By attending sessions like these where I can refresh my tech skills, learn new technologies, and make connections, I feel prepared for when the next interesting career opportunity comes my way.
Why is it important to you to stay prepared for interesting career opportunities?
Through the many twists and turns and highs and lows of my career, I’ve learned that it always pays off to keep my skills up-to-date and learn new technologies. Doing so helps you position yourself for the next challenge — whether that is returning to the workforce after taking time away or taking on a new role. I have done both!
Earlier in my career, I took a few breaks to focus on raising our two daughters. While I was on these breaks, the in-demand skills and technologies changed. Every time I decided to return to work, I had to learn all the new tech and standards from the ground up. It was difficult, but I was able to prove myself and be seen as a valued contributor at every new company. I know this is an experience many others have as well, especially women in tech, like those whom I met at Grace Hopper. While I’m now in a different place in my career journey, those experiences have motivated me to continue improving my skill set and learning new technologies.
Getting to attend the Grace Hopper Celebration is a great example of a learning opportunity I’ve had at Collibra that will help me continue to grow — something that I really value in this current phase of my career. I was approached by Collibra’s Recruiting team at a point when I wanted to stretch myself professionally. I loved Collibra’s record of success, its culture, and the prospect of growth, so I decided to take on this new challenge. Since joining, I have become a key member of the Asset Import/Export team. I am again lucky to have great managers in Collibra who are genuinely interested in my career path and goals and guide, mentor, and advocate for me.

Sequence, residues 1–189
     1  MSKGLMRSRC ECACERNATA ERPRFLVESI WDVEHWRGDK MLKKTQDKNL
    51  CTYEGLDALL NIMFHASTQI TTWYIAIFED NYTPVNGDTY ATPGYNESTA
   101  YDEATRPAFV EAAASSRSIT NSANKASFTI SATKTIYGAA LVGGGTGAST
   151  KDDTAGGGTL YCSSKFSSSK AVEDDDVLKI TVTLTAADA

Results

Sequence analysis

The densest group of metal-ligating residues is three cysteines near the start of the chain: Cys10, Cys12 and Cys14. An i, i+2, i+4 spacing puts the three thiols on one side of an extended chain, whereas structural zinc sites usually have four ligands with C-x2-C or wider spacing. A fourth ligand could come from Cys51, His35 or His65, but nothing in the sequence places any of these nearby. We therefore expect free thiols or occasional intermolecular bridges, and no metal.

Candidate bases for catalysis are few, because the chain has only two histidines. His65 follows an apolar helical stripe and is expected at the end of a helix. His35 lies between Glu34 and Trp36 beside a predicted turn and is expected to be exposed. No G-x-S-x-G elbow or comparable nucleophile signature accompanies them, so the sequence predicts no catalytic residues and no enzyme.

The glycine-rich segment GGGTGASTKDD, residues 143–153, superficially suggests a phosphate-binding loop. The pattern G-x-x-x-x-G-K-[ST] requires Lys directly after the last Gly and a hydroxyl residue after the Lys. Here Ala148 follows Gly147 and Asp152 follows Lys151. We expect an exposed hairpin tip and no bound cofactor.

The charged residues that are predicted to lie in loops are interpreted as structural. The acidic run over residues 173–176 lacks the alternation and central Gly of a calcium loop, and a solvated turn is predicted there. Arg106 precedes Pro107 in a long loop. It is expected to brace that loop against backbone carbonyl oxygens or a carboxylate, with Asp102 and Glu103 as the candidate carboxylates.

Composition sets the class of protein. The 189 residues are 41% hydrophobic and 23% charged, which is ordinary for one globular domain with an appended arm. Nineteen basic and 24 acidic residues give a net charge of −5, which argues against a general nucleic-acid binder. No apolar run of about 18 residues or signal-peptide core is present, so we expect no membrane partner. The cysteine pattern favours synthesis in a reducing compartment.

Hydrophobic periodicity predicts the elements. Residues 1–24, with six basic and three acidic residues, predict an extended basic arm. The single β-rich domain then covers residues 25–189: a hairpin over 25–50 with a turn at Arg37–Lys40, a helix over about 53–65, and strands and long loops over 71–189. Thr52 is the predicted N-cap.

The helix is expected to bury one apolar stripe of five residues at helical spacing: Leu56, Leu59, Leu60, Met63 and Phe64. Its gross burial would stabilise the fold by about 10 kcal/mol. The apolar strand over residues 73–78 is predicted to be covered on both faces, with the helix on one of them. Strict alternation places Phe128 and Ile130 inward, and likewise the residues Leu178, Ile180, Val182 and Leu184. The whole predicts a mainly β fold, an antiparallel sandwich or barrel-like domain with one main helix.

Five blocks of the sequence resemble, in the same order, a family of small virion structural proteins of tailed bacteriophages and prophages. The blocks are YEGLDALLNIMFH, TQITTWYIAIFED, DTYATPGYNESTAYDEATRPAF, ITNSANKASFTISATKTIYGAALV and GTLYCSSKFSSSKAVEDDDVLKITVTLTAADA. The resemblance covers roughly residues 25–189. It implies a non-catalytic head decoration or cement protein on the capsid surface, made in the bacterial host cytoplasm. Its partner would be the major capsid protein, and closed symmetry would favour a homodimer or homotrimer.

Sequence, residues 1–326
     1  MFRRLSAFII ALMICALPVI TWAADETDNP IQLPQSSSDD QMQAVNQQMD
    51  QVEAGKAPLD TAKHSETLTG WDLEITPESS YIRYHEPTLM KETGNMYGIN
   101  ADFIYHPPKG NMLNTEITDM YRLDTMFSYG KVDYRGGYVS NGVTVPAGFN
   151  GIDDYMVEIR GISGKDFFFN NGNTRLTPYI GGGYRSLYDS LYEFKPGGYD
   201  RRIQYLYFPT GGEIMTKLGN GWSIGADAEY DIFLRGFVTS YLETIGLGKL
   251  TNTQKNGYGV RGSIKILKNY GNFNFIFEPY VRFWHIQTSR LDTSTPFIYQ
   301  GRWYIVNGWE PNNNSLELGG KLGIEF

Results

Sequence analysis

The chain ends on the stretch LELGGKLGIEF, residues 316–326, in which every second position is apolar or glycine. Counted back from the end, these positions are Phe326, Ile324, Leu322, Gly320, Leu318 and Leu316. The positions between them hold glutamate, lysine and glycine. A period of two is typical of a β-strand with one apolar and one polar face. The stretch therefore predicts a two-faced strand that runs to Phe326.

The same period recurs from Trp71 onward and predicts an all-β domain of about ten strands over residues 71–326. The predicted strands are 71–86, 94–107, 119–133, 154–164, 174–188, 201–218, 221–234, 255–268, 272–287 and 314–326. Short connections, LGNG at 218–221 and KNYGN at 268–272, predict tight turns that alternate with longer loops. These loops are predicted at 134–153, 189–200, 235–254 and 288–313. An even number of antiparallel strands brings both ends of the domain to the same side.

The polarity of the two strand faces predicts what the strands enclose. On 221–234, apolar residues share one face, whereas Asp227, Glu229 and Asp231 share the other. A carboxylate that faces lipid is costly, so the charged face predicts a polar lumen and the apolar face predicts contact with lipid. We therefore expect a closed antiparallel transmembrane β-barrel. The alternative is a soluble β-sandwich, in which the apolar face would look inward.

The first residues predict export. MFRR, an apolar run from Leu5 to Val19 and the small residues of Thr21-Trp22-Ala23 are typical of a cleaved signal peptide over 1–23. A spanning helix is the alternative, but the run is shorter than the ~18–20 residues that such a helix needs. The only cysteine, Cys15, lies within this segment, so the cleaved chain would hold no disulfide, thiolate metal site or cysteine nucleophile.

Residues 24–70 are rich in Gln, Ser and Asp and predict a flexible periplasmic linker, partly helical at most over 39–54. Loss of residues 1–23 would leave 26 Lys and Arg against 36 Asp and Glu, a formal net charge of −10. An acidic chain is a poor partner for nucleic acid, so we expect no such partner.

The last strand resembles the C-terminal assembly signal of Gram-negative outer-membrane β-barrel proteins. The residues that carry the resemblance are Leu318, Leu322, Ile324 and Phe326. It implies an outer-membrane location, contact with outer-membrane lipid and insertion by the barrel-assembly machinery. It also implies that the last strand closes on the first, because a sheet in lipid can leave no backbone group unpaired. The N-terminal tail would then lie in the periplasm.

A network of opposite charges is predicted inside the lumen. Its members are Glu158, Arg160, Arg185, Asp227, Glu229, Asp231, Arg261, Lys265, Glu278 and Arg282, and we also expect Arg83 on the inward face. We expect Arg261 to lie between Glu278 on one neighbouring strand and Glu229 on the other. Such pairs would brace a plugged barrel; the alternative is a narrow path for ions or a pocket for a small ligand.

Many people can relate to the daunting task of rejoining the workforce after an extended career pause. What advice do you have for people who want to jump back in?I am glad to be an example and offer assurance to anyone who is not sure if they can afford to take a break or is thinking twice about getting back to work in the technology sector. Restarting after a break can be overwhelming. Sometimes you feel like you’ve made the wrong choice.
Even still, looking back, I do not regret any of my career breaks. I have enjoyed the time with my daughters, and I am heartened when others comment on how well we have raised them. I am also proud to see how they excel in school and how confident they are.
For people taking a break, my advice is to try to keep your skills current. This will be a big help when you decide to reenter the workforce. Working toward certifications can provide helpful goals to motivate you toward maintaining skills and learning new technologies.
Even if you are not able to do this as much as you want to — I did not always find the time to do this — have confidence that you can learn quickly and give it 100% when you start a new job. When you are passionate about the work you do, you can find your way back no matter what.
That’s great advice and inspiration to share. Did you gather any advice or inspiration from the Grace Hopper Celebration?
At the conference, I heard from other women that they are not as confident as their male counterparts — even though they are equally, if not more qualified. They also expressed that they have a hard time talking about their work. Like them, I also believed that my work should speak for itself, but attending the conference helped me shift my mindset and feel more comfortable proudly sharing my work.